early German settlers came to the Texas
Hill Country to get as far away as possible from the nasty politics
in Europe only to find themselves up to their eyeballs in the chaos
and anarchy of the American Civil War. The Germans, surrounded by
Confederates, tended to be unionists and unfriendly to slavery.
They became targets of the haengerbande - the hanging bandits, who
rode the mountains, lynching citizens and stealing their property
in the name of the Confederacy.
J. P. Waldrip of Gillespie
County was a desperado and a bushwhacker once described as "a
psychopath with odd colored eyes." He seems to have gotten along
fairly well with his German neighbors before the war, but the toxic
political atmosphere of the 1860s gave him the liberty to act on
his repressed psychopathic tendencies.
Waldrip, wearing his trademark black beaver hat, was a self-styled
frontier militia captain. He led an organization of 60 men at the
peak of his career.
He and his men claimed to be Confederate soldiers assigned to the
Texas frontier as Indian fighters, but they were really rustlers
and bandits who committed murder without thought or remorse and
stole anything that wasn't tied down.
The Waldrip gang had an excellent system for gathering information.
Waldrip had spies all over Gillespie
County. Anyone who criticized him was in danger.
Although Waldrip claimed allegiance to the Confederacy, the outlaw
and his men showed their true colors when they tried to kill Captain
Charles Nimitz, the local Confederate conscription officer and the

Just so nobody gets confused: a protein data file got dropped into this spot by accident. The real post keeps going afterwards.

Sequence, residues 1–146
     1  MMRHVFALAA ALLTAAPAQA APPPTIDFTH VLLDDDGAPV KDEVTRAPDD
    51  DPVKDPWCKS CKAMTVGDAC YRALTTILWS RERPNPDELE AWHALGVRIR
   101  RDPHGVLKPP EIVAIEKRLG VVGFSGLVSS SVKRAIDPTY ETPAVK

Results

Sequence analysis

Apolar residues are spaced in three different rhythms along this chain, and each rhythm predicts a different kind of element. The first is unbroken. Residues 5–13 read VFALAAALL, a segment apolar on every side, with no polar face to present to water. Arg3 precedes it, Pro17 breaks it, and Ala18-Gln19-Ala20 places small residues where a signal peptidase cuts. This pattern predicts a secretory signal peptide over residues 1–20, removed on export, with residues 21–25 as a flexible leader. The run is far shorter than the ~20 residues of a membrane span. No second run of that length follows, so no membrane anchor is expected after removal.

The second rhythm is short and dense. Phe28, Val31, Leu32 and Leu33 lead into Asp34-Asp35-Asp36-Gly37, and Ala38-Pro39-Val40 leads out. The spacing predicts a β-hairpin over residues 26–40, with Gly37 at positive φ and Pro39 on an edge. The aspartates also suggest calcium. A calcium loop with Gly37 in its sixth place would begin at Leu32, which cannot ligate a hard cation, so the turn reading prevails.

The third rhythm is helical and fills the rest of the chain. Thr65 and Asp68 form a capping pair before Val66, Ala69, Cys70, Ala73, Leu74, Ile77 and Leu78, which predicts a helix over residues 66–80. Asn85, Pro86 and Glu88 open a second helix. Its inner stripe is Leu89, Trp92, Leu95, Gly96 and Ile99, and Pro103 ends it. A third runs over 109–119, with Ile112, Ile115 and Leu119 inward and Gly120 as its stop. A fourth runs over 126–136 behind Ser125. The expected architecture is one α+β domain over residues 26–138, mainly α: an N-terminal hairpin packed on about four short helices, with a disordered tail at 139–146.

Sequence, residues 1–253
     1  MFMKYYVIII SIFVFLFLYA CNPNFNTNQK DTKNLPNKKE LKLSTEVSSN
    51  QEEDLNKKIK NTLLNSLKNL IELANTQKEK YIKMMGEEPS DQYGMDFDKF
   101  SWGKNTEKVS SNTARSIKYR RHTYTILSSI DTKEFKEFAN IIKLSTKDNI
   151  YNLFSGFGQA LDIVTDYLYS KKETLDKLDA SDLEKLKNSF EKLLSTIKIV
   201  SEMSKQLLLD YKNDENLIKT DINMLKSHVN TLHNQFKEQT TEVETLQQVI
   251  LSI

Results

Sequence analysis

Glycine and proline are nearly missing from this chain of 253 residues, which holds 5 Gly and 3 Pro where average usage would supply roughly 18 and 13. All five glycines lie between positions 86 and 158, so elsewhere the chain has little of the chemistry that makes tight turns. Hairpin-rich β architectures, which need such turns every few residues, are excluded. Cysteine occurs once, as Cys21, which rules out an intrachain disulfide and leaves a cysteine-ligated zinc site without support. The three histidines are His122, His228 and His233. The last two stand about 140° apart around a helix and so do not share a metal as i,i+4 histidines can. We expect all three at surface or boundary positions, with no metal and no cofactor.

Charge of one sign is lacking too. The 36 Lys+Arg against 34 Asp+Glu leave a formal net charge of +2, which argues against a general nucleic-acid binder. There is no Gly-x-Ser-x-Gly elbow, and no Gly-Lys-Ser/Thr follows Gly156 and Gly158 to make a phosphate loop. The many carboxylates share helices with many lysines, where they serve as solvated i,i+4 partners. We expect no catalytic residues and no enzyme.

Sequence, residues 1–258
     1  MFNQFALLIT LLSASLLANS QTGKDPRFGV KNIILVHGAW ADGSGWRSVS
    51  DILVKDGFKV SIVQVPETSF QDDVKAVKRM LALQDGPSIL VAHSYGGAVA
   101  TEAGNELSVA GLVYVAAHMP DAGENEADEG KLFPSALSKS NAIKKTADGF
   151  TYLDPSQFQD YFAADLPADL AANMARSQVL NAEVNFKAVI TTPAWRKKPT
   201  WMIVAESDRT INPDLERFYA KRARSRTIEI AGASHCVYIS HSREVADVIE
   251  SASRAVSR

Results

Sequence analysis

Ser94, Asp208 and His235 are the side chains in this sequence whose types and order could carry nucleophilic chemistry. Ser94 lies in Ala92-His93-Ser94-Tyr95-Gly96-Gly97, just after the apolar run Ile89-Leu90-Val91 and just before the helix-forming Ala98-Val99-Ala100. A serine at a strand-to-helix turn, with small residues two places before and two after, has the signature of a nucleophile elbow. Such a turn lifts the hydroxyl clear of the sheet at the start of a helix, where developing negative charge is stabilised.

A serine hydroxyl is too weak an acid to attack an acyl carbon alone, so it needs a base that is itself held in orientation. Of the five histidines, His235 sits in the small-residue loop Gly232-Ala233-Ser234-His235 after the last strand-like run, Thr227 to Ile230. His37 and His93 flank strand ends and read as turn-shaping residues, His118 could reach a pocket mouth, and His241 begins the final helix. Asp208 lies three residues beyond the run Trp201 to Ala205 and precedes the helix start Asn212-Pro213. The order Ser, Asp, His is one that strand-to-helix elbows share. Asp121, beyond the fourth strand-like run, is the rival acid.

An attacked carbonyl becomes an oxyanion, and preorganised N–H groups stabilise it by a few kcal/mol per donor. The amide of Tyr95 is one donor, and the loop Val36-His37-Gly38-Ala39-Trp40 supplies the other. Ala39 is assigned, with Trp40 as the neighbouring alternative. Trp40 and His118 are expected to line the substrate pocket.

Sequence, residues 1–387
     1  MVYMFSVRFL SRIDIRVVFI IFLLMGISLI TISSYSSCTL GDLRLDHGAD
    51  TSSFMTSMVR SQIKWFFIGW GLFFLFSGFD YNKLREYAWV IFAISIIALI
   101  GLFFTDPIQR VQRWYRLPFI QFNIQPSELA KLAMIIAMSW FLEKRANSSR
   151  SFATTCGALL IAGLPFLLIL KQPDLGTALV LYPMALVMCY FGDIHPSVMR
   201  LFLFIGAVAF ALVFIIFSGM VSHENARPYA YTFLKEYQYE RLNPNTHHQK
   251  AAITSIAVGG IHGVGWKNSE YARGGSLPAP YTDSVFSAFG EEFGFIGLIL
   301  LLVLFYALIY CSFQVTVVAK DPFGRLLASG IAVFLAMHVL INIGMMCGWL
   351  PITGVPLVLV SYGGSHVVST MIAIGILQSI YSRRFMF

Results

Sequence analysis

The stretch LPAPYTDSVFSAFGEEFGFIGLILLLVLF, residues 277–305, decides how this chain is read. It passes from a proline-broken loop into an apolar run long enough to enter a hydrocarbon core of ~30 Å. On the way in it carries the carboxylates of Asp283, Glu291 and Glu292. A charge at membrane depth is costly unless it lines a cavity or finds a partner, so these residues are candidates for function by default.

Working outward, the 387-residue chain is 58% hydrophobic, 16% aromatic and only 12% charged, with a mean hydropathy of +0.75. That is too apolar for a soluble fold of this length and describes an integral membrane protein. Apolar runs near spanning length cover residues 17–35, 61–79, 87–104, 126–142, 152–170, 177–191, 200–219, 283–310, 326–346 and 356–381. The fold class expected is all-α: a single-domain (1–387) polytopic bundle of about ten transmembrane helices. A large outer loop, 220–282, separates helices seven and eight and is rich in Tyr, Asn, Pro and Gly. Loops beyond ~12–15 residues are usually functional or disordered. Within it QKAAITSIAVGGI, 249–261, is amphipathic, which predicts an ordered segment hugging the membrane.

grandfather of Admiral Chester Nimitz, after Captain Nimitz tried
to draft them into the regular army. Nimitz narrowly avoided a deadly
dose of lead poisoning.
In 1864 Waldrip and his gang of cutthroats joined up with noted
desperados William Banta and J. W. Caldwell and a band of border
ruffians reportedly linked to Quantrill's raiders. The group went
on a deadly rampage through the hills that culminated in the hanging
of four men who lived on Grape Creek.
One of the victims was John Blank. Reports said the outlaws hung
Blank from the tree that still stands in what is now Luckenbach
long after the Grape Creek lynching a band of outlaws, believed
to be Waldrip's gang, surrounded the house of a school teacher and
local unionist militia captain named Louis Schuetz. The outlaws
ransacked the house, stole $400 cash and lynched Schuetz from a
live oak tree.
Authorities arrested J. P. Waldrip on suspicion of the Schuetz robbery
and murder and placed him in the Gillespie
County Jail. A grand jury indicted Waldrip and 25 other men
for crimes committed during the war, but Waldrip was not prosecuted,
possibly for fear of retribution.
J. P. Waldrip was long on nerve but short on common sense. He left
for a while, but in the spring of 1867 he and J. W. Caldwell rode
into Fredericksburg in broad daylight. They spent a carefree day
drinking whiskey, intimidating citizens and insulting Unionists.
That afternoon Waldrip and Caldwell left a saloon on the west end
of town. As they walked southeast on Main Street, they met Captain
Philip Braubach in front of the courthouse, near the corner of Main
and Crockett Streets. Braubach was the son-in-law of Louis Schuetz,
the man Waldrip was accused of murdering.
In an instant the street in front of the courthouse exploded in
gunfire. Braubach jerked his pistol and squeezed off a few rounds.
Waldrip responded. The shooting did no damage but drew the attention
of Gillespie County
Sheriff Frank Jung and a group of armed citizens.
| Old Nimitz
courtesy Texas Transportation Museum in San Antonio
| With the sheriff
and his posse closing in, Waldrip took off down Main Street, running
like a scared rabbit towards the Nimitz Hotel at the far end of town.
At the Nimitz, he busted through the front door and dashed through
As the outlaw walked cautiously out the back door of the Nimitz, Philip
Braubach waited calmly, guns drawn, as still as a tombstone. As Waldip
stepped into the sunlight two shots rang out. Waldrip fell dead near
an oak tree by the stable.
| © Michael
1 , 2018 Column
"Gillespians Had Many Hardships During War Years," Fredericksburg
Standard, May 1, 1946.
Richard Maxwell Brown, Strain of Violence (New York: Oxford
University Press, 1975), 241-42. www.CeliaHayes.com/archives/tag/jpwaldrip